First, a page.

The personal touch

Personalisation is synonymous with industry progress. Take, for example, the taxi industry. Whereas 20 years ago the service was homogenous – you hailed a generic-looking car on the street with no control over the nuances – now you have a fully personalised experience, as demonstrated by Uber, which allows you to choose everything from the pick-up time and car to the music you listen to on board. A similar shift has occurred in the dining industry, where every step is personalised. Apps such as OpenTable offer diners a list of restaurants based on their favourite food, price range and even suitability for the particular evening – say, a first date.

And although the experience once at the restaurant has been slow to lose its homogeneity – traditionally you order from a menu and that’s it – this has also become personalised.

After all, if the logistical and technological platforms exist, why not cater to individual tastes as the industry does in all other respects?

This personalisation can be seen across the spectrum. Earlier this year food nutrition think-tank FoodFluence identified key trends to watch out for in 2016, and unsurprisingly the ‘direct to customer’ trend, or personalisation, was on the radar.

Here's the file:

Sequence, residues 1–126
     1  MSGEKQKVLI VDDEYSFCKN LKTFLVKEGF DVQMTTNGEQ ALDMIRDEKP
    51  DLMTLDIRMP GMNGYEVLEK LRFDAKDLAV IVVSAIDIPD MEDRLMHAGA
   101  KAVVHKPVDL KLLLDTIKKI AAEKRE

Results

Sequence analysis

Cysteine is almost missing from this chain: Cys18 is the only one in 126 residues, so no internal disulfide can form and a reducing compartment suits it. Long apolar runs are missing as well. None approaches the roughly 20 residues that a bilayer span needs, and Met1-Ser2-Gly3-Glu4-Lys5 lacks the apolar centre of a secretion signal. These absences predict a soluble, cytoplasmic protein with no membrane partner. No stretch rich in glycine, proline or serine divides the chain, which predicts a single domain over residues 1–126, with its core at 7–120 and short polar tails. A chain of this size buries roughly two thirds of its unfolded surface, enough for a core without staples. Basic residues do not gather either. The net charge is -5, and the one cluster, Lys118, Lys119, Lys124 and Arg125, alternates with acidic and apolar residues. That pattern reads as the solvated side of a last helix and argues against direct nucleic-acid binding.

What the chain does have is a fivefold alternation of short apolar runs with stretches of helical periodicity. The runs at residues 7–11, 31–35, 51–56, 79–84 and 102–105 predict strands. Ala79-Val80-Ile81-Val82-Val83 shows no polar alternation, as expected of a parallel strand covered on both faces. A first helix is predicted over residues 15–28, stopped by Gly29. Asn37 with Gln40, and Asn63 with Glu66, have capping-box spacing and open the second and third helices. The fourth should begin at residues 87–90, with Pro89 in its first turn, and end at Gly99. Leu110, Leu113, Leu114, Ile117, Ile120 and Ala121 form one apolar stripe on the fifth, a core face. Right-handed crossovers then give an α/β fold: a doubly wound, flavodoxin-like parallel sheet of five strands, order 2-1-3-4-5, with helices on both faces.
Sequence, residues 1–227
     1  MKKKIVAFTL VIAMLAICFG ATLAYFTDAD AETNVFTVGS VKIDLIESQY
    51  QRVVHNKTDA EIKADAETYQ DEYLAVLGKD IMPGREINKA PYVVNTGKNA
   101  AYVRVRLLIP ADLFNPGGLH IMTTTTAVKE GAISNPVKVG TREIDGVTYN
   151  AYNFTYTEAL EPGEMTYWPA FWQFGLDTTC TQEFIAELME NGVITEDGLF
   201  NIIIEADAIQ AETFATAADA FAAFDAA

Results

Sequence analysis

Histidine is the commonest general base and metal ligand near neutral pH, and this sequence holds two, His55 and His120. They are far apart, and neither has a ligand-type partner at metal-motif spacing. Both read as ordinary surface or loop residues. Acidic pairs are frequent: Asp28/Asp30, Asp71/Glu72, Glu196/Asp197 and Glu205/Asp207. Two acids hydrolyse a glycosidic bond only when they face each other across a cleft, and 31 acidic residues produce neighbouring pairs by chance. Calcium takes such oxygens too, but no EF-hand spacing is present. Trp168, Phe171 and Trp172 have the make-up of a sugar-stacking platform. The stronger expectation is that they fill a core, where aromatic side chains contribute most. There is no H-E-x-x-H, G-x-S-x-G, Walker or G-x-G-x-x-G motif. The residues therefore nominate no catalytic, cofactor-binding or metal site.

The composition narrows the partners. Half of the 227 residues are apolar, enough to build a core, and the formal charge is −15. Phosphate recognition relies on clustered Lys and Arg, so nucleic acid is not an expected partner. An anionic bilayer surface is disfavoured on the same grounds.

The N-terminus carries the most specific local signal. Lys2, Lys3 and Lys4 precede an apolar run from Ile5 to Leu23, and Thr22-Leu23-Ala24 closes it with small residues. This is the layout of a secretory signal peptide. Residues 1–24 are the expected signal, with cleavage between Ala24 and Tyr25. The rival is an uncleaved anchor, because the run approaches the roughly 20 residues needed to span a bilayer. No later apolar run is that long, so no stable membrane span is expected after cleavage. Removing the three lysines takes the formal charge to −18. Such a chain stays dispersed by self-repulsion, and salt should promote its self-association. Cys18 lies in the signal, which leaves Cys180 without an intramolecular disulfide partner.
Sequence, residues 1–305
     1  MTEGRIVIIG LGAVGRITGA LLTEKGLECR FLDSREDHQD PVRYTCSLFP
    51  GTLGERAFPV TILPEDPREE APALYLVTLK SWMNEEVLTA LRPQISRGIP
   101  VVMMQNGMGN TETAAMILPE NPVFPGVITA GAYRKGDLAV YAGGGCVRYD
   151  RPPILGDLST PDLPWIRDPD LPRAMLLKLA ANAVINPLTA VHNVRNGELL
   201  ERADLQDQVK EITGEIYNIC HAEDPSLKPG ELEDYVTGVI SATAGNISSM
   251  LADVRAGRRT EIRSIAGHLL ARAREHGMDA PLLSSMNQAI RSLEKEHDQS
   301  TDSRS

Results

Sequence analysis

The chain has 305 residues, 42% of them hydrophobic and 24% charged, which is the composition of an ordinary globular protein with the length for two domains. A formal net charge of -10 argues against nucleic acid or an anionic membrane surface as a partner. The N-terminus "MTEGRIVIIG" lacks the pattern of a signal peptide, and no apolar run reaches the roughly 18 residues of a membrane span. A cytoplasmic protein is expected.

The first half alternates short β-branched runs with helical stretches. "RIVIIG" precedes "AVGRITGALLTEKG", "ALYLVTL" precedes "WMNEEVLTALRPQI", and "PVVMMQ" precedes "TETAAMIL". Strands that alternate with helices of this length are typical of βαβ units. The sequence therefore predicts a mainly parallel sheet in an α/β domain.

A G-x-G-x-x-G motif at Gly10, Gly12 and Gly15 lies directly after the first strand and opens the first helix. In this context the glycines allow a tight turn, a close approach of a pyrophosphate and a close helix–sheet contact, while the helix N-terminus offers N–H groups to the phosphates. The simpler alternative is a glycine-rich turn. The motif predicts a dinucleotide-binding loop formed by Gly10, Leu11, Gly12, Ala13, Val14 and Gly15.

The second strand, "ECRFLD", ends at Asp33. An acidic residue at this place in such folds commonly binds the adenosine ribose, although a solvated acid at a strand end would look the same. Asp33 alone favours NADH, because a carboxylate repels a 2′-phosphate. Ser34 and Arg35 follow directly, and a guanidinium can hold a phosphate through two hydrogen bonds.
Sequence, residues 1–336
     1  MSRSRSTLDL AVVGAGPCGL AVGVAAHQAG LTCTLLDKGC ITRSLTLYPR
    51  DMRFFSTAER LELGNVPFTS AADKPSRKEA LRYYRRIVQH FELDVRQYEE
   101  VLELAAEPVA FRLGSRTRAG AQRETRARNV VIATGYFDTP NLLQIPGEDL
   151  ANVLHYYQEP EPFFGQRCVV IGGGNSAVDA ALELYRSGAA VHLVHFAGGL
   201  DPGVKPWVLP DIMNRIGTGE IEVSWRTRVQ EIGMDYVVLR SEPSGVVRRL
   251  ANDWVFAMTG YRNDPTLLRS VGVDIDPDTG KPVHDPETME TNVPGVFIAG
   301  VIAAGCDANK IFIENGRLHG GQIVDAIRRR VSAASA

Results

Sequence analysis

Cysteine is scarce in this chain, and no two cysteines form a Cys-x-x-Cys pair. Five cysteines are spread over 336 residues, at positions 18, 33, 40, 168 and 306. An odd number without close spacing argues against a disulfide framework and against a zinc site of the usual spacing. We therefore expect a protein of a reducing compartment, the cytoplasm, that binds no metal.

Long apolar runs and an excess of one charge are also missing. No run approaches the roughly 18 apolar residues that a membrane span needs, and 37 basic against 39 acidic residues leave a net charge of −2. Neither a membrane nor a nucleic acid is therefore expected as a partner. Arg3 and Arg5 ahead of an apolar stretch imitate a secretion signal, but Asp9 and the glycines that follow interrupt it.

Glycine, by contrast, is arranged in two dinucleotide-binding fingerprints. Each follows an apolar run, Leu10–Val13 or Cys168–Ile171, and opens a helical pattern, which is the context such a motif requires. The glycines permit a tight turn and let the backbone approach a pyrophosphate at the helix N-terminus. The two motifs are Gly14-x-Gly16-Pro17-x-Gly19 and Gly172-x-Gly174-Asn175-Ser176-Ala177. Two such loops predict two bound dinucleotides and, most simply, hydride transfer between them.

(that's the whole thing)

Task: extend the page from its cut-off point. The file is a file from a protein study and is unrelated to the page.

“The customer is in control now and traditional marketing is no match for technology-supported consumer beliefs,” says Julian Mellentin, editor of New Nutrition Business.

At the large-scale end, last year McDonald’s introduced automatic kiosks that not only increase the efficiency of a transaction but also allow you to customise your burger, from the type of bun to the number of pickles. Within six months McDonald’s saw profits increase, with customers spending almost double what they usually spend.

And McDonald’s is not alone in understanding that personalisation is essential to growth and satisfying its customers’ needs.

Pizza Hut is on the verge of introducing interactive tables that allow diners to customise their pizzas by dragging toppings across an interactive screen. But the trend doesn’t just apply to fast-food chains. Hong Kong has seen a lucrative and popular boom in nutritious, customisable food from restaurants such as Nutrition Kitchen, which even offers speedy delivery – ideal for the city’s many businesses.

In the small-scale sector, pubs are leading the personalisation experience. Many, such as London’s The Thirsty Bear and Berlin’s The Pub, give each customer their own beer tap and iPad screen, allowing them to pay electronically at the end and pull their own draught as and when they want. The fact that such personalised trends are prevalent around the world and across industries demonstrates that it’s an organic movement. And the key to understanding the powerful growth of the personalised experience is simply that the customer is now in control, in every way, thanks to modern logistical and technological platforms.